The handsome packaging is a bounded cardboard book with artwork, photos and lyrics to instill or perhaps reinforce that this newly formed neo-progressive rock band, cherishes the artistically minded era of the olden days of yore. It's not a shabbily produced set by any stretch. With a few understated quotes and inferences to vintage Genesis and an all-encompassing prog rock trajectory, the band seamlessly fuses the old with the new. The production coalesces memorably melodic comps with the artists' impressive technical faculties via grandiose storylines, hummable hooks, blustery climactic overtures and the frontline's passionately enacted solos.
Led by vocalist David Hussey of the Genesis tribute ensemble Gabble Ratchet, the program is chock full of tuneful storylines, accorded a little bite by guitarist Danny Bryle's streaming sustain licks and crunchy single note leads. But Hussey's emphatic and sincere deportment adds believability to the lyricism. However, the ensemble augments its attack with gritty soloing, symphonic textures, and a conspicuous penchant for the dynamic.
Keyboardist and Sci-Fi enthusiast Adam Malin is as a co- founder of Creation Entertainmentan organization that is responsible for the original Star Trek conventiongenerates a multilayered scope of attack with his various keyboards. And multi-instrumentalist Billy Sherwood (Yes) plays bass and chips in on the guitar front. Moreover, Sherwood has been involved in numerous prog-rock productions for this label, including Star Trek actor William Shatner's release, Ponder The Mystery (Cleopatra Records, 2013).
On the fifteen-minute opus "Banner of the Whyte Boar," the band fuses a memorable theme with stately choruses and a few flights of fancy, nestled within a suite-like approach amid nods to Britain's legendary '70s Canterbury scene. With guest artist Tonilyn Hornung's bittersweet flute lines and Malin's supple piano interludes, the band signals a capricious or perhaps phantasmagorical throwback to the glory days of prog. Other pieces contain stinging guitars, and the unification of Eastern modalities with Western song-forms. And "The Vale of Avalon" boasts an endearing melody that is pop friendly, but contrasted with the artists' serious-minded interplay and a few twists and turns. In sum, the musicians hit the mark and touch a nerve by bridging a sense of antiquity with a novel slant, powered by their irrefutable conviction and the alluring compositions.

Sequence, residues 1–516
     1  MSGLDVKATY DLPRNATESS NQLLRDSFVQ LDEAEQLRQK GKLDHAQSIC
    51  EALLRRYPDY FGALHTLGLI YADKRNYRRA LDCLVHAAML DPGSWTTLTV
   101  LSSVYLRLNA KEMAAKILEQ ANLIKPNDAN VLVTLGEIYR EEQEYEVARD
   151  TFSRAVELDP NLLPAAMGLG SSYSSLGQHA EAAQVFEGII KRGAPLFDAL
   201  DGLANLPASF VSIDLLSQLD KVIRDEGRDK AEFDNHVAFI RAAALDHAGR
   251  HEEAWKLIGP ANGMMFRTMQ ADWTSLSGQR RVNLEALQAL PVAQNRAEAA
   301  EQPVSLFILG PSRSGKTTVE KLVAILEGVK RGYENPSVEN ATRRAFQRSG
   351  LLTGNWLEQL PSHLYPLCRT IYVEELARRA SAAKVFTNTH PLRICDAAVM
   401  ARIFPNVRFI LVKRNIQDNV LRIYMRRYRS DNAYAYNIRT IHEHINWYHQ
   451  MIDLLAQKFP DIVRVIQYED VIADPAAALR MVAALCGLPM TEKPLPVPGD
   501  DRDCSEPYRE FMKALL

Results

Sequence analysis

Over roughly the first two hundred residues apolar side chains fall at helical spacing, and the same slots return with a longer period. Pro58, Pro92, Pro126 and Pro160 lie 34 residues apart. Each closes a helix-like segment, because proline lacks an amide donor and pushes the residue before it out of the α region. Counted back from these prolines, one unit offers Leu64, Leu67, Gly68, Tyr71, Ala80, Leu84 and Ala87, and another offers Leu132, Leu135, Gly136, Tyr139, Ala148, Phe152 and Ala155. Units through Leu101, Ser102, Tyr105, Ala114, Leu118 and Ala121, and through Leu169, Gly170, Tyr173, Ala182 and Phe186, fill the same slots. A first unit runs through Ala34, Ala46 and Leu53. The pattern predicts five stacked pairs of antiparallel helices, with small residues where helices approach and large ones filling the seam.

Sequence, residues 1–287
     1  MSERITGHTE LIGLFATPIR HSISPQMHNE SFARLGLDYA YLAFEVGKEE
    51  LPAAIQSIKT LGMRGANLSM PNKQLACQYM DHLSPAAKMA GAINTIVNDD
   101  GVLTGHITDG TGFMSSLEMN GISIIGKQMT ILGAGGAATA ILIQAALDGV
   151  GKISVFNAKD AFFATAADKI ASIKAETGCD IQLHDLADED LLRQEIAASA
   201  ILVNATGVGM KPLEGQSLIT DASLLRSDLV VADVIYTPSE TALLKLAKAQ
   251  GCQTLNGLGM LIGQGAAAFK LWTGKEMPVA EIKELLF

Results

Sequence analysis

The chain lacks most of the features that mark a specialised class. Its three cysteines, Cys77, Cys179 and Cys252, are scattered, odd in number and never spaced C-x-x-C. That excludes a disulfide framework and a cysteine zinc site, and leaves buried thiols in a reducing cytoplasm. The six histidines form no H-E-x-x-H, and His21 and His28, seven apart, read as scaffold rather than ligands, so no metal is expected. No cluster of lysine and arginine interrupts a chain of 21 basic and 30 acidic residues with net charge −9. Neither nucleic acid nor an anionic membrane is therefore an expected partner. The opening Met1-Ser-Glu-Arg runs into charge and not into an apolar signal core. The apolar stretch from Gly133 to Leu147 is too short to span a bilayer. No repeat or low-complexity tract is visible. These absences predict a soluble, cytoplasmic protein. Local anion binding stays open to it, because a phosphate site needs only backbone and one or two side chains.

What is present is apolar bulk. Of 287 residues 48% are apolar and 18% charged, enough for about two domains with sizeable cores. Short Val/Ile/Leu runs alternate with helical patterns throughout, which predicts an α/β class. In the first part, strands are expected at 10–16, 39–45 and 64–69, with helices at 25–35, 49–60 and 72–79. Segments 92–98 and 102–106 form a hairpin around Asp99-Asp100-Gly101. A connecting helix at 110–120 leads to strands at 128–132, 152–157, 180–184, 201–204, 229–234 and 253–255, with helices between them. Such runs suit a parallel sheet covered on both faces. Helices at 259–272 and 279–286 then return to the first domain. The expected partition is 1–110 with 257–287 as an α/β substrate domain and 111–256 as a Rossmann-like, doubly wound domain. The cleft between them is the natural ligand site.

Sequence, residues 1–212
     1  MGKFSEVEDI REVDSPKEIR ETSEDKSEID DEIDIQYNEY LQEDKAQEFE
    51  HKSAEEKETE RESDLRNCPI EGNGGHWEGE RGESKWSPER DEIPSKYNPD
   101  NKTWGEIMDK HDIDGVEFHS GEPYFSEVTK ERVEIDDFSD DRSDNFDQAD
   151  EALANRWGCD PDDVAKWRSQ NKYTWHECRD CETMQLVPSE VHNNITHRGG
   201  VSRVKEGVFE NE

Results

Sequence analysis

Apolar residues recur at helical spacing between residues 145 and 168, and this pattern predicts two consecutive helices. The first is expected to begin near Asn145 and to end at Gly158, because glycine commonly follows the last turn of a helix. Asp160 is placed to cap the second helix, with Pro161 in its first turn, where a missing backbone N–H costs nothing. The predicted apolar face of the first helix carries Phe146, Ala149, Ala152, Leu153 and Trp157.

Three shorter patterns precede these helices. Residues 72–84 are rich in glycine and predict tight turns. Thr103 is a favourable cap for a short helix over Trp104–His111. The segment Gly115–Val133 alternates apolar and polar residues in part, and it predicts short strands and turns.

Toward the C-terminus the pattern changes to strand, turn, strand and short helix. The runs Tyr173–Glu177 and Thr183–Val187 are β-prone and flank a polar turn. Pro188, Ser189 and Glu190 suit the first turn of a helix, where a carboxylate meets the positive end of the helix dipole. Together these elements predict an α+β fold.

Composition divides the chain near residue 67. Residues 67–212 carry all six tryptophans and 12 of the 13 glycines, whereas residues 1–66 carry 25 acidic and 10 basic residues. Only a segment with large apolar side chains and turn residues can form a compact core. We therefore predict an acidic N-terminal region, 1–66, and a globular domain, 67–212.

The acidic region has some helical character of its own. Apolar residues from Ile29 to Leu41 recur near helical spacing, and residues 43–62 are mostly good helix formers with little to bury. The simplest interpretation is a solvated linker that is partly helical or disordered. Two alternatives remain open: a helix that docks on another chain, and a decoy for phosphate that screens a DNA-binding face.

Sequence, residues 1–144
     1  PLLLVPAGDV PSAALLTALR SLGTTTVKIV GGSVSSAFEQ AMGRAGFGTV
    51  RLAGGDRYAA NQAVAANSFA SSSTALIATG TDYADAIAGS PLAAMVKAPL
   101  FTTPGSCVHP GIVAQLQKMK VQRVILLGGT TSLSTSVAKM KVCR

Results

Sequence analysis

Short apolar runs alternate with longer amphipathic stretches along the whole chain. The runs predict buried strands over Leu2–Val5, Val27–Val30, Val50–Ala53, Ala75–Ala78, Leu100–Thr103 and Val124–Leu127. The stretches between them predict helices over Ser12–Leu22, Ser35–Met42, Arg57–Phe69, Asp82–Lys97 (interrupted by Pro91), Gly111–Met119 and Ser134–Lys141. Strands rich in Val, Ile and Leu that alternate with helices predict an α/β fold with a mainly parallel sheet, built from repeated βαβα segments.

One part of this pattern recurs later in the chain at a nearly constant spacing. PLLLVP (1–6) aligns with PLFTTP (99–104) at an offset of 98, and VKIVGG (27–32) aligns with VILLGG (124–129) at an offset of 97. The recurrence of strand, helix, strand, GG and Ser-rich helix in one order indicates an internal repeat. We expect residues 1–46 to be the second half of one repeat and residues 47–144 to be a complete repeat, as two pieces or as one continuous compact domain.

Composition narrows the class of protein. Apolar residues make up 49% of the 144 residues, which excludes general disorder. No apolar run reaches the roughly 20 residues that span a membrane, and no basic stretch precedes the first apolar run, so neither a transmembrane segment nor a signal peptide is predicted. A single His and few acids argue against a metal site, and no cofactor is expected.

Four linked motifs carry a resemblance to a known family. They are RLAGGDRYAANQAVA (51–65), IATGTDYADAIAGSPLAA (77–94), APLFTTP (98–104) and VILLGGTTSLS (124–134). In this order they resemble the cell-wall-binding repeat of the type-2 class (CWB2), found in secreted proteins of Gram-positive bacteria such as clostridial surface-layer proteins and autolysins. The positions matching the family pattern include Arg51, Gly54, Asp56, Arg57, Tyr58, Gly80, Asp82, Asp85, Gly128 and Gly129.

Track Listing: At Childhood’s Beginning; When We Changed You; Banner of the Whyte
Boar; The Flying Dutchman; The Vale of Avalon; Annapurna; At
Personnel: David Hussey: lead vocals; Adam Malin: keyboards; Scott Connor: drums,
percussion; Danny Bryle: guitars; Billy Sherwood: bass, additional
Year Released: 2013
| Record Label: Cleopatra Records
I love jazz because I was born and raised here in America, and it is one of the most significant cultural contributions we have given to the world. It is an incredibly sophisticated artform that continues to challenge boundaries while delighting and engaging listeners of all different ages and backgrounds
I love jazz because I was born and raised here in America, and it is one of the most significant cultural contributions we have given to the world. It is an incredibly sophisticated artform that continues to challenge boundaries while delighting and engaging listeners of all different ages and backgrounds. I love how jazz can involve musicians who may have never met each other can coming together and making incredible music by referring to the Great American Songbook and musicians who have been playing together for years, who have a deep connection and who explore and create original music that is at the cutting edge of musical innovation in every sense. Performing jazz music requires a virtuosity and technique that only strict discipline can teach as well as a spontaneity and playfulness that reflects the simple folk roots of the music.
I was first exposed to jazz as a student in college. Only knowing I wanted to play guitar, I enrolled in an applied music program that focused on Jazz rhythm section playing. The subsequent journey that I have been on since the time that I enrolled in that class has helped me grow not only as a musician but more so as a person.